Consumer Protection

CFPB May Rein In Payday Lending

The Consumer Financial Protection Bureau is considering various approaches to reforming the payday loan industry, The Wall Street Journal reported on Sunday.

The bureau is concerned about the short-term, high-rate debt consumers take on, sources said.

States typically have been responsible for regulating payday loan company practices. If the CFPB should take action, it would be the first time federal regulations were applied to this niche in the financial sector.

Consumer advocates have long been calling for some restraints to be imposed on providers of these loans. Interest rates tend to be astronomical, and borrowers frequently are unable to repay the loans within the prescribed time period. What happens more often than not is that they roll their loans into the next pay period, committing to a never-ending series of high-interest, short-term contracts.

The CFPB reportedly is considering approval of a “vanilla” type of short-term loan with underwriting criteria that would establish whether the borrower actually would be able to repay it — an approach similar to the mortgage qualification requirements put in place after the financial crash.

That is not the only model reportedly under consideration, however, and the CFPB might waive such underwriting requirements for borrowers who don’t tap payday advance loans very often, the Journal reported.

Pushback can be expected from the industry, which has been under fire for years. The payday lenders’ argument is straightforward: With so many Americans living from paycheck to paycheck, their services are necessary to meet emergencies.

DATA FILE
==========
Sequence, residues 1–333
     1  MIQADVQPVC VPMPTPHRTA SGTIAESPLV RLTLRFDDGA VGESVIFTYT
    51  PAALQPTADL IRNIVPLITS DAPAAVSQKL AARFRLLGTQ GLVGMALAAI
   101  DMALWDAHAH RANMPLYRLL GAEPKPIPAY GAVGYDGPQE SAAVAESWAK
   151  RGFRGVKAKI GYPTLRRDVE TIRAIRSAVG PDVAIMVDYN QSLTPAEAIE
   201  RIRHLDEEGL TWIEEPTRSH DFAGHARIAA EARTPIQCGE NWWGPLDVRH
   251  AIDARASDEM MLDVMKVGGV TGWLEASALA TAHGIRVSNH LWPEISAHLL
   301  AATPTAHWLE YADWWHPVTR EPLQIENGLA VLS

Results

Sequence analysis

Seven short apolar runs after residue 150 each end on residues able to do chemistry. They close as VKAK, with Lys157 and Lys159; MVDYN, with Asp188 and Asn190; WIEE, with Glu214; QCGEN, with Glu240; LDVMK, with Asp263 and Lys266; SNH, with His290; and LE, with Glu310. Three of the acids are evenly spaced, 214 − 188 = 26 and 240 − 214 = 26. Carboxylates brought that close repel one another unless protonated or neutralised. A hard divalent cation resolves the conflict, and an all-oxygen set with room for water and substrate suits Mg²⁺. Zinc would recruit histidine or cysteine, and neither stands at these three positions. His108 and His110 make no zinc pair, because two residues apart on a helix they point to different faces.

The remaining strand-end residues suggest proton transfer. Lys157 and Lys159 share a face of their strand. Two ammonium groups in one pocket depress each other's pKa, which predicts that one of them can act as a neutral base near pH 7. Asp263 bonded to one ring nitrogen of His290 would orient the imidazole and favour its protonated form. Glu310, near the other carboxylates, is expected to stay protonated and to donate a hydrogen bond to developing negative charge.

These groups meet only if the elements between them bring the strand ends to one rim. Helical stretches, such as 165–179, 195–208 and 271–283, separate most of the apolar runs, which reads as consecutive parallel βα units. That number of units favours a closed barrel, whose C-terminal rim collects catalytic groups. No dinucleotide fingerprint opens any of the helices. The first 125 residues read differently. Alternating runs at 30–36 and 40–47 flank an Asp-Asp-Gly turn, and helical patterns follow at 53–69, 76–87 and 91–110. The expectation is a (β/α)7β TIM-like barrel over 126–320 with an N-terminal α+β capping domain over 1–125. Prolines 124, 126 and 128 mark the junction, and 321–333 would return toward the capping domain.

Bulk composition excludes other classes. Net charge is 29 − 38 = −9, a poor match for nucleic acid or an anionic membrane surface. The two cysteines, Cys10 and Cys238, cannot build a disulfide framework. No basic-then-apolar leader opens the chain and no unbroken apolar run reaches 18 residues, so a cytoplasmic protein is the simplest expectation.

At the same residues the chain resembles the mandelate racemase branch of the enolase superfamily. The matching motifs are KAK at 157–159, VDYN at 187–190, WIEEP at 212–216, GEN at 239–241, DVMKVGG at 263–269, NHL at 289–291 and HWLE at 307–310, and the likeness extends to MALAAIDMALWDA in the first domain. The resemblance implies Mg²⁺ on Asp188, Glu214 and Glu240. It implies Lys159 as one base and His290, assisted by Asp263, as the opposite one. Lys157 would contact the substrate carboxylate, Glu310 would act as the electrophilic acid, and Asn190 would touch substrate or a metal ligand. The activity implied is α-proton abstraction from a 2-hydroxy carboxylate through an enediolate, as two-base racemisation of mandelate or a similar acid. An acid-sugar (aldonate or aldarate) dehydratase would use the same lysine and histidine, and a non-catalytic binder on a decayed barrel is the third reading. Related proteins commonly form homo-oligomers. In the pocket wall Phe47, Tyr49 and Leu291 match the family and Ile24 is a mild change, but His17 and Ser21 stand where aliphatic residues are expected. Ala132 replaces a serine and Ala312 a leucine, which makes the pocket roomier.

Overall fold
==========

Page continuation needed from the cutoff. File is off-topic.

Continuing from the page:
Defanging the Predator

“There is clearly a demand for payday lending by unbanked consumers who have needs for short-term credit but do not have access to credit cards, home equity loans or other loan products,” said David Reiss, professor of law at Brooklyn Law School.

“At the same time, payday lending repayment terms are often seen as onerous and predatory, with annual interest rates that run in the hundreds of percent and with many customers stuck in a cycle where they roll over their high cost debt from one month to the next, accruing more interest and fees along the way,” he told CRM Buyer.

Given the mission of the Consumer Financial Protection Bureau, Reiss said, it is natural for it to attempt to develop a regulatory structure for the industry that would allow it to function — but not extract predatory profits from its customers.

The CFPB is aware of the need for these loans, said Jonathan R. Kolodziej, an attorney on the financial services litigation and compliance team at Bradley Arant Boult Cummings.

The bureau has been studying the issue and holding field hearings, including one in Birmingham, Alabama, where Kolodziej is based.

At the conference, which took place in January 2012, “Director Cordray emphasized the need for protections designed to help consumers and ensure a fair and competitive market for these products. Since then, they have conducted a substantial amount of research and have made many of their findings public. These studies show that there is a place, and a need, for this market,” Kolodziej told CRM Buyer.

A Place for Payday Loans

The CFPB has acknowledged that payday loans can work for consumers who have expenses that need to be deferred, Kolodziej said.

“The CFPB’s primary concern with these products seems to be that borrowers enter into loans that they do not have the ability to repay,” he noted. “They also believe that borrowers frequently do not understand the nature of the product and the risks associated with it. It appears that the CFPB’s conclusion is that these issues result in a significant number of consumers entering into arrangements that will inevitably lead to long-term indebtedness at a higher-than-expected cost.”

For those reasons, the proposed rules likely will target underwriting standards, disclosures and marketing practices, according to Kolodziej.

“The challenge they face is figuring out a way to enact regulations that prevent irresponsible lending,” he said, “while also ensuring that these products remain available to consumers who need short-term loans and actually have a substantial likelihood of being able to repay them.”

Erika Morphy has been writing about technology, finance and business issues for more than 20 years. She lives in Silver Spring, Maryland.

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